I sometimes feel that Sun records is so inextricably linked w/ Rockabilly -and by proxy, a rather gallant notion of the atypical hayseed - that people often forget the fact that Sam Phillips made his bones on blues, country and gospel. Now, I know these genres aren't as exploitable as some would like, nor do they telegraph any particular haircut or soda-shop ethic, but all sensationalism aside, what early Sun releases do, rather beautifully, is serve to paint a fairly accurate portrait of the state of Memphis affairs at the time, mainly, the disparity of a general populace resigned to being broke, black, blue.
Take the 'Kid' here. All four of these sides are gut buckets full o' Juke joint impropriety, poverty, and alcohol - all backed up against a Jump-blues mid-tempo dirge. Emerson typifies the early fifties Sun entry, the likes which launched the careers of many famous, not to mention, unjustly forgotten musicians.
"Slashing blues, infectious RB, formulaic rock roll, moving gospel -- keyboardist Billy "The Kid" Emerson played all those interrelated styles during a lengthy career that began in Florida and later transported him up to Memphis and Chicago.
A 1952-53 stint in the Air Force found Emerson stationed in Greenville, MS. That's where he met young bandleader Ike Turner, who whipped Emerson into shape as an entertainer while he sang with Turner's Kings of Rhythm. Turner also got Emerson through the door at Sun Records in 1954, playing guitar on the Kid's debut waxing "No Teasing Around."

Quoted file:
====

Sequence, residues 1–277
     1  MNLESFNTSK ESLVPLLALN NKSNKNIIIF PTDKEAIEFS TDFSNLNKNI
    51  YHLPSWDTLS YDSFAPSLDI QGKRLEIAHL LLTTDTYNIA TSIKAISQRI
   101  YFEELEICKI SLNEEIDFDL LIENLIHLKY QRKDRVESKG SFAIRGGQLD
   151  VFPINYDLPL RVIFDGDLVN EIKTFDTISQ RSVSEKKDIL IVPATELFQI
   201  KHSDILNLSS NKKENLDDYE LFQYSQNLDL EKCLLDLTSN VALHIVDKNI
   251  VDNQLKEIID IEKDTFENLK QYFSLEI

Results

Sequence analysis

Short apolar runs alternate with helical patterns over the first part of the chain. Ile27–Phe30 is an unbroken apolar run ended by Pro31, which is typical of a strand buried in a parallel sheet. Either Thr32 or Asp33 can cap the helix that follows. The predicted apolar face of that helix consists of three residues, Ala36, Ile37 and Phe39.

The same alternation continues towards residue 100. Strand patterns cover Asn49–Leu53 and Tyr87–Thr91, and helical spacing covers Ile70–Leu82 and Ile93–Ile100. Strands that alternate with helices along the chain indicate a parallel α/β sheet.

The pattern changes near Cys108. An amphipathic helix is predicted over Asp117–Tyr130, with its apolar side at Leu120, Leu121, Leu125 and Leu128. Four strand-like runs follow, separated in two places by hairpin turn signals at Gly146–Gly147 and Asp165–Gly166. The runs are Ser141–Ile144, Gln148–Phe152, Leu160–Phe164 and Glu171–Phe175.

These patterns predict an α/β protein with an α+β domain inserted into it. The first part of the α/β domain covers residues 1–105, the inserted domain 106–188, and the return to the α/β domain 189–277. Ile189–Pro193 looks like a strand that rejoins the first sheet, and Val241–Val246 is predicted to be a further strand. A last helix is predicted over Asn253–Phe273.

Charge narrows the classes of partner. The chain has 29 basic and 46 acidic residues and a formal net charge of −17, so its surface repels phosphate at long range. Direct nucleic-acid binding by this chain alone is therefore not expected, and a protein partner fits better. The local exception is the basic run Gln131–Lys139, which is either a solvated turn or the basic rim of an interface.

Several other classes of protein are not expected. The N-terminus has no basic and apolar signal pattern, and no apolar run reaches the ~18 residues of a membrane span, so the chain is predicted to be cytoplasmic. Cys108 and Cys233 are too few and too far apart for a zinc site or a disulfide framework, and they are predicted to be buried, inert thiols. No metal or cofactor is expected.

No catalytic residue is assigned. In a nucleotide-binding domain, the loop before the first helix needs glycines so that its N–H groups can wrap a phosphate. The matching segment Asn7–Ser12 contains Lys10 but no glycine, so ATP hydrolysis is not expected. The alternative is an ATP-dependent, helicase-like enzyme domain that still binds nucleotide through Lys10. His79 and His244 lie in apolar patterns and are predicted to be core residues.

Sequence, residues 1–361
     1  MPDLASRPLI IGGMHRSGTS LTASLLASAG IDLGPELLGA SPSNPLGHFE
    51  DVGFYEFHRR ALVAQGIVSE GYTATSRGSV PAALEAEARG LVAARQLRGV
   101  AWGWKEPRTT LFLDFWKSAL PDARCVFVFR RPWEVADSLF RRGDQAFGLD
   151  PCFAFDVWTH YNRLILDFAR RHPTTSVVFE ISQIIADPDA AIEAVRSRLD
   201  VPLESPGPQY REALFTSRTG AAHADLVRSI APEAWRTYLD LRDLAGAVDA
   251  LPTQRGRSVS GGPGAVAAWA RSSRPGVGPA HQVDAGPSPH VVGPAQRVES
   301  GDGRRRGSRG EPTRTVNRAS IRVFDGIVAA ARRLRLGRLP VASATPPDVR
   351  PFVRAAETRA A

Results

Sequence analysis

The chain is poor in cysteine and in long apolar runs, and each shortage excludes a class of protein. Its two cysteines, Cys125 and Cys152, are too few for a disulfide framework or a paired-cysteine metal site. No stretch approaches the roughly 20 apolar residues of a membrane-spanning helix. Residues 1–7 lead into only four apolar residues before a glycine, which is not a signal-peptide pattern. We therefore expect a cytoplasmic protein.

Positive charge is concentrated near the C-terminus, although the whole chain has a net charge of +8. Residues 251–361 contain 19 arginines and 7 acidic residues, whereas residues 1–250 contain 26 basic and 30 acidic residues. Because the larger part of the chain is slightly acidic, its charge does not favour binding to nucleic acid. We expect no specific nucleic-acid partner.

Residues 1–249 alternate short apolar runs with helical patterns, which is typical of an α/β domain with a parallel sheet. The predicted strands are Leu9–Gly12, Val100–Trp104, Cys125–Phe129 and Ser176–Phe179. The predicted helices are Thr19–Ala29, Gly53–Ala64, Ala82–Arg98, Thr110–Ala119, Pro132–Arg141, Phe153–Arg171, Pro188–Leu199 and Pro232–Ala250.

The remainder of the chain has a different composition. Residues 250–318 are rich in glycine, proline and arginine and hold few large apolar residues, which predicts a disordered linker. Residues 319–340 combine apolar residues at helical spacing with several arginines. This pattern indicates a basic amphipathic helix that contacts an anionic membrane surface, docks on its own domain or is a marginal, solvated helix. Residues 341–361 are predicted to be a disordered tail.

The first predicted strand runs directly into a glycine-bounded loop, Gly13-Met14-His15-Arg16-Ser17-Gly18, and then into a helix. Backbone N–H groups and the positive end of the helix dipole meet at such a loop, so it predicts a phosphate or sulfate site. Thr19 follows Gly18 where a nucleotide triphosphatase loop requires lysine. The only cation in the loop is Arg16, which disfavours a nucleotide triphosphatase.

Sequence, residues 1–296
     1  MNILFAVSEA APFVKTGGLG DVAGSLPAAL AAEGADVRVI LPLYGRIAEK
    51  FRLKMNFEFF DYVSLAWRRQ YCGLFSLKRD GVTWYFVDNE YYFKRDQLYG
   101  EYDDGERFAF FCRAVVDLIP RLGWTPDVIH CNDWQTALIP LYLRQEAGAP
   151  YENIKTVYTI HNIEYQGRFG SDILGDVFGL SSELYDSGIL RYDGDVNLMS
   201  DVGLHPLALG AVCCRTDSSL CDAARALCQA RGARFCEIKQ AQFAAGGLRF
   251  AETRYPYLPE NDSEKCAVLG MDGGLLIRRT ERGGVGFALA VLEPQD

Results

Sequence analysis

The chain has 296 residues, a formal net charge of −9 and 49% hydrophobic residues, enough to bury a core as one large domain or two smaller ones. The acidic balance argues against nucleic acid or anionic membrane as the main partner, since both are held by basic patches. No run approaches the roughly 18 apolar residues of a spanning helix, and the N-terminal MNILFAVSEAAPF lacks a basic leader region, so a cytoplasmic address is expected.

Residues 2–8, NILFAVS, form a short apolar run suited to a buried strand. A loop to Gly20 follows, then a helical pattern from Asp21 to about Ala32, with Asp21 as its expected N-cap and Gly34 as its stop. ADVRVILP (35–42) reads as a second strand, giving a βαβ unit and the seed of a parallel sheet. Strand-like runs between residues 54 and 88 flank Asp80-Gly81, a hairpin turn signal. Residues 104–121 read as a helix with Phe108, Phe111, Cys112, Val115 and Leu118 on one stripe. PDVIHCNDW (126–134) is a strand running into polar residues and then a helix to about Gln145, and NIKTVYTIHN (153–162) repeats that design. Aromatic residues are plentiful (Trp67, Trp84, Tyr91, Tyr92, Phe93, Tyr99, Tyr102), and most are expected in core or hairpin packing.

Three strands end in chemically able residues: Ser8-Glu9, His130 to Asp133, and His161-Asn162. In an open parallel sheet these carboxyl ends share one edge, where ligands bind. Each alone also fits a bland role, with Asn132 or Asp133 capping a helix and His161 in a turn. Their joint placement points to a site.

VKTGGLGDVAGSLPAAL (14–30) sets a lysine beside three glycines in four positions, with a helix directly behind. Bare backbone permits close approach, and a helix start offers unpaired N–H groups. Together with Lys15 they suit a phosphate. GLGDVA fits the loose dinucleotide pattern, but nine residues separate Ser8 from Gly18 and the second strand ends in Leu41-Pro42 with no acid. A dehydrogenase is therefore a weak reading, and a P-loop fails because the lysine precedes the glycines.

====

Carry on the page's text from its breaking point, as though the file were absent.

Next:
Emerson's songwriting skills made him a valuable commodity around Sun -- but more as a source for other performers' material later on. His bluesy 1955 outing "When It Rains It Pours" elicited a cover from Elvis a few years later at RCA, while Emerson's "Red Hot" (a takeoff on an old cheerleaders chant from Emerson's school days) became a savage rockabilly anthem revived by Billy Lee Riley for Sun and BobLuman on Imperial.
After his "Little Fine Healthy Thing" failed to sell, Emerson exited Sun to sign with Chicago's Vee-Jay Records in late 1955. Despite first-rate offerings such as the jumping "Every Woman I Know (Crazy 'Bout Automobiles)" and a sophisticated "Don't Start Me to Lying," national recognition eluded Emerson atVee-Jay too.
A prolific writer, Emerson penned songs for Junior Wells, Willie Mabon, Wynonie Harris, and Buddy Guy during the early '60s, often in conjunction with Willie Dixon. When recording opportunities slowed, Emerson played jazzy RB in lounges and supper clubs (guitarist Lacy Gibson was a member of his trio for a while). Emerson took Europe by surprise with a dynamic segment on the American Blues Legends 1979 tour."
As with most early Sun releases, sound quality generally suffers from inferior vinyl production (Sun discs sound almost as bad as Columbia 78's). For those doing fieldwork, steering clear of bootlegs can be a pain in the dick. A good tip the old timers stick to w/ regard to authenticity, is to keep your eyes peeled for push marks on the labels (three circular divots resulting from the production plant) as well as small type on the label's artist & title sections. And though these are good places to start, as always, there are exceptions to the rule, some single runs being pressed at different area plants.
Now don't take this diatribe as a stinger aimed at the hillbilly set. The awesomeness of the Sun records rockabilly roster goes without sayin'. It's just that this junk here screams for a six pack, a full moon and a front porch where you can get plowed and count your blessins' while they still count. So...watcha waitin' fo!!!
When It Rains, It Pours - Billy "The Kid" Emerson
Move, Baby, Move - Billy "The Kid" Emerson
Little Fine Healthy Thing - Billy "The Kid" Emerson